Lifehacker UK spoke with Nick Davis, a lecturer in psychology at Swansea University. We began by asking whether there is any actual evidence that tDCS can have a beneficial effect on its users:
There is relatively little evidence at the moment that tDCS can lead to improvement in real-world activities. The closest we have got so far is in military contexts like spotting threats such as snipers. Researchers have used immersive video games to train soldiers to respond when they see something that might be a threat – tDCS seems to make people a little better.
With regards to the potential dangers of using these devices outside of a proper clinical environment, Davis continued:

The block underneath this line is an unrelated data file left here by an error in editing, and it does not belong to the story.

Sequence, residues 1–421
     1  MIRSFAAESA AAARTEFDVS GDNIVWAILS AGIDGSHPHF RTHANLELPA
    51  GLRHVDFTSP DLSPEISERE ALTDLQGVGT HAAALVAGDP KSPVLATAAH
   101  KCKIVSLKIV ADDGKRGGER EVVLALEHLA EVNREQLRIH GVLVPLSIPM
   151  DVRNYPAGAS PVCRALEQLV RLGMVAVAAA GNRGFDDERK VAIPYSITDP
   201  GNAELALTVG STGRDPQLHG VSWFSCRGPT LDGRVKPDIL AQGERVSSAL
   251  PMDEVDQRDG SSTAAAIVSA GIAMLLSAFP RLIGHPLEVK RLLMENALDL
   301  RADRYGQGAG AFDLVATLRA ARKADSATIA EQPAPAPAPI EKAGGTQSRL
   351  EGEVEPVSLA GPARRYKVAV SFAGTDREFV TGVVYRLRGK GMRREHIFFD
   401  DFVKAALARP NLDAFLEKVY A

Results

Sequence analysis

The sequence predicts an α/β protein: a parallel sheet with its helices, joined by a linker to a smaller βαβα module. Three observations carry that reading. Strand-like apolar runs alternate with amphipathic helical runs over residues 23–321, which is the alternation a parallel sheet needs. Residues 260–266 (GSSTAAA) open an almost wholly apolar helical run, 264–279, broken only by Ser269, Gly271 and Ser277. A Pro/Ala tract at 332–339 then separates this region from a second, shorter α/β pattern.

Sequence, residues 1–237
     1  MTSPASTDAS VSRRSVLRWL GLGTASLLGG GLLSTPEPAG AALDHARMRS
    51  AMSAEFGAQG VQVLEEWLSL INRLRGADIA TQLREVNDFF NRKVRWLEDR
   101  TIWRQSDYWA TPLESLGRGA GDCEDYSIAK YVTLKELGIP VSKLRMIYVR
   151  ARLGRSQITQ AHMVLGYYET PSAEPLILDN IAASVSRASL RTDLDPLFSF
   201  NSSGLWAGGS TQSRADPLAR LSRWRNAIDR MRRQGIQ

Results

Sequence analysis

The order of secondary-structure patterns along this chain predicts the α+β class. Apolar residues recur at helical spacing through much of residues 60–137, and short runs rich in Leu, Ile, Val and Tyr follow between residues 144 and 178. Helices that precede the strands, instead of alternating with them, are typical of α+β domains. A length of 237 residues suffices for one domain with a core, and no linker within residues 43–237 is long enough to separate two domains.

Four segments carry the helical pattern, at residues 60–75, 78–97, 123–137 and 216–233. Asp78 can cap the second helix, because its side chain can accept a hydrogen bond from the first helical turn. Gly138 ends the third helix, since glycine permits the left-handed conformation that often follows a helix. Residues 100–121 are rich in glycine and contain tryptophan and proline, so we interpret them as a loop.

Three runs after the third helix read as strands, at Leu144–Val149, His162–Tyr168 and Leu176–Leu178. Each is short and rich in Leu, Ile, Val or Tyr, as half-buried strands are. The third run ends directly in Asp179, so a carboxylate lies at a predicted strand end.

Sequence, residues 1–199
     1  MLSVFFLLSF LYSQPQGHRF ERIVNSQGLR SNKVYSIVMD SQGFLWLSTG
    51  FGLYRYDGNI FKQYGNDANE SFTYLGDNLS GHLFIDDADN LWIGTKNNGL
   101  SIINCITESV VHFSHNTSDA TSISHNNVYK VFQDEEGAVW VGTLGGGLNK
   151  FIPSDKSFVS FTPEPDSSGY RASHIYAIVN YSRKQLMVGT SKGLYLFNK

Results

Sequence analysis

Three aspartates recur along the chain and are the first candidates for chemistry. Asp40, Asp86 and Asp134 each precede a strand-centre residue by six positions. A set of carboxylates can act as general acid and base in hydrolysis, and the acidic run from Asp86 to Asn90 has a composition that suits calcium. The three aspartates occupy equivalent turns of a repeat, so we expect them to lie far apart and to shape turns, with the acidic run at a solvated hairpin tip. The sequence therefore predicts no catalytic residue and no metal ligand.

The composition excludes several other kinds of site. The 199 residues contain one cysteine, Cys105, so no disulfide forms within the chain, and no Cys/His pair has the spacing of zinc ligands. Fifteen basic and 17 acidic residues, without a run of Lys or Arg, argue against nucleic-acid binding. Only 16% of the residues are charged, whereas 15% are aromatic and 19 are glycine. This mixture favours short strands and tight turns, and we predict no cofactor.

In my lab, the major concern I have is that I might trigger a seizure. A seizure results from over-excitable brain circuits, so adding more excitability with tDCS could be dangerous. I would not allow anyone to take part in my experiments if they have a family history of epilepsy, or if they have had excessive amounts of drink or drugs in the day before the experiment as these are also risk factors.
I am also worried that younger people, whose brains is still developing, might also be using tDCS without proper supervision. There are too many unknown factors in how tDCS affects the brain for it to be safe for unsupervised use, and I think we should be very cautious even in research labs.